inputs section. For example, the following Tupfiles are

                     # Tupfile 1
                     : foo.c |> gcc -c foo.c -o foo.o |> foo.o
                     : bar.c |> gcc -c bar.c -o bar.o |> bar.o

                     # Tupfile 2
                     : foreach foo.c bar.c |> gcc -c %f -o %o |> %B.o

                     Additionally, using "foreach" allows the use of the "%e"
                     flag (see below).

              inputs The input files for the command. An input file can be
                     anywhere in the tup hierarchy, and is specified relative
                     to the current directory. Input files affect the %-flags
                     (see below). Wildcarding is supported within a directory
                     by using the SQLite glob function. The special glob
                     characters are '*', '?', and '[]'. For example, "*.c"
                     would match any .c file, "fo?.c" would match any
                     3-character .c file that has 'f' and 'o' as the first two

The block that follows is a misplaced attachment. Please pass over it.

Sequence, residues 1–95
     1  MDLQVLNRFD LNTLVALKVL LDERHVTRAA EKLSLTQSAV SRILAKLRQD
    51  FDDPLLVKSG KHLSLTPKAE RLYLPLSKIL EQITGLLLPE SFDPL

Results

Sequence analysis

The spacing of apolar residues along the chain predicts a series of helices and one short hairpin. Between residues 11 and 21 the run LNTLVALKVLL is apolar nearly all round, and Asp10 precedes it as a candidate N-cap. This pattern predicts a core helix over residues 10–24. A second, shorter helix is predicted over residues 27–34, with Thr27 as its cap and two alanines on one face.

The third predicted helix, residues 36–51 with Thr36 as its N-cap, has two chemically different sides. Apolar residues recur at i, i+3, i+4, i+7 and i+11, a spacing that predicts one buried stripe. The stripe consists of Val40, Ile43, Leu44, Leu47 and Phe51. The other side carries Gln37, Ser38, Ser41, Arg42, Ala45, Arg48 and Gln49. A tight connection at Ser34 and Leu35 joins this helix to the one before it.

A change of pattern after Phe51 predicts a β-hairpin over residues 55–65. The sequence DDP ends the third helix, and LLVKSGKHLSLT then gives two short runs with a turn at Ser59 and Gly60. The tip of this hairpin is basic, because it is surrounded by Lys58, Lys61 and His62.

characters, and "fo[xyz].c" would match fox.c, foy.c, and
                     foz.c. Globbing does not match directories, so "src/*.c"
                     will work, but "*/*.c" will not.

              order-only inputs
                     These are also used as inputs for the command, but will
                     not appear in any of the %-flags. They are separated from
                     regular inputs by use of the '|' character. In effect,
                     these can be used to specify additional inputs to a
                     command that shouldn't appear on the command line.
                     Globbing is supported as in the inputs section. For
                     example, one use for them is to specify auto-generated
                     header dependencies:

                     : |> echo "#define FOO 3" > %o |> foo.h
                     : foreach foo.c bar.c | foo.h |> gcc -c %f -o %o |> %B.o

                     This will add the foo.h dependency to the gcc commands
                     for foo.c and bar.c, so tup will know to generate the
                     header before trying to compile. The foreach command will
                     iterate over the regular inputs (here, foo.c and bar.c),